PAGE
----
Store files and digital information online

One of the hottest words in technology these days is “cloud.” Information is stored “in the cloud,” companies offer “cloud-based” services and gadgets from smartphones to thermostats interact with “the cloud” in some way. But, what exactly is “the cloud”? How do we go about using it and what considerations should we keep in mind when doing so?

What is the cloud?

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Consider your home computer; it has files on it (pictures, videos, etc.) and it runs specific programs (a word processing program, a personal finance program, etc.). When you want to access these files or use these programs, you simply sit down at your desk and get to work.

Now, imagine that your computer is located in a warehouse on the other side of the country; you can’t physically access it, so in order to use your files and programs, you connect to it (using another computer or device) over the Internet. Voila! You’re now accessing those files and programs in the cloud.

Using the cloud

One of the most common uses of the cloud is to store files or other digital information (email, calendar appointments, etc.). By storing files in the cloud, you can access them from anywhere using a variety of Internet-enabled devices. Some well-known cloud-storage providers include Dropbox, Microsoft’s Skydrive and Google Drive.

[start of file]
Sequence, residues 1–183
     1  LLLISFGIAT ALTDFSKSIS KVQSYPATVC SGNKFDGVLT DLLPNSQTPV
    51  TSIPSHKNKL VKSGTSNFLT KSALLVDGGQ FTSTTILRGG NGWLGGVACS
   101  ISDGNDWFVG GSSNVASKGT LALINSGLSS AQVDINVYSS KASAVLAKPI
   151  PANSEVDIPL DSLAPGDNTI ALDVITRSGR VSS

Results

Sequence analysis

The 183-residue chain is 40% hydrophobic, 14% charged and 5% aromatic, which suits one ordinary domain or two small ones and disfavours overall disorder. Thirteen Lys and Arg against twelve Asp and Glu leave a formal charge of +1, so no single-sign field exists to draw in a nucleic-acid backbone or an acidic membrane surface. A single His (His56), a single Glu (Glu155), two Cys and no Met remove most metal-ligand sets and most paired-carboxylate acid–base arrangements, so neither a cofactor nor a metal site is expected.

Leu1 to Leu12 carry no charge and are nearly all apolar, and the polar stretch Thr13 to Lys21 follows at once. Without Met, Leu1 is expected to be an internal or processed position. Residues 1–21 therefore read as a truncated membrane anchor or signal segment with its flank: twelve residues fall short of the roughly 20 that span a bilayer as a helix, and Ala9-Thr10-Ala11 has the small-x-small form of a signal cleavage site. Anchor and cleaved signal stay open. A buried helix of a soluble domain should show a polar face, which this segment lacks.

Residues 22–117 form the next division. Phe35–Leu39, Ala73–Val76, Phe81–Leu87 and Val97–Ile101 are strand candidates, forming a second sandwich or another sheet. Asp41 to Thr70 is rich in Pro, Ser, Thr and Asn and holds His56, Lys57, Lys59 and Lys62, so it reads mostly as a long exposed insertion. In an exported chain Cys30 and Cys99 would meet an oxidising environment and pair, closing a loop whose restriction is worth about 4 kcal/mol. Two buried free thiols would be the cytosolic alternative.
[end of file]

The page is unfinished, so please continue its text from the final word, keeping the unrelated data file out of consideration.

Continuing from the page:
More companies are also offering cloud-based programs and tools, eliminating the need to install software directly on your computer. Microsoft, for example, offers a cloud-based version of Microsoft Office (called Office365) and Intuit offers cloud-based personal finance (Mint), business accounting (QuickBooks Online) and tax preparation (TurboTax Online) products.

Pros and cons

One of the biggest advantages of cloud-based storage is convenience. Need to view and update a document in the office, at home and on the road? No problem. Storing those files in the cloud makes accessing and updating them a cinch (and no more worrying about misplacing your portable flash drive).

Another advantage is ease of maintenance. You’ll rarely have to worry about upgrading software to fix bugs or take advantage of new features and, depending on the services provided by the vendor, your data may even be backed up automatically.

Of course, in order to access the cloud, you need some sort of Internet connection. If you don’t have ready access to the Internet (either at home, at work or when traveling), you may find it difficult, if not impossible, to utilize cloud-based tools and services.

Also, be aware that when you use a cloud-based tool or service, you are saving your (potentially sensitive) files and information on someone else’s computer. Make sure you understand how your files are being secured and backed up, and how a vendor may or may not use your information.

Finally, keep in mind that many cloud-based services only offer limited services for free; if you need more storage space or want to continue using a service beyond an introductory trial period, there may be additional monthly/annual subscription fees.

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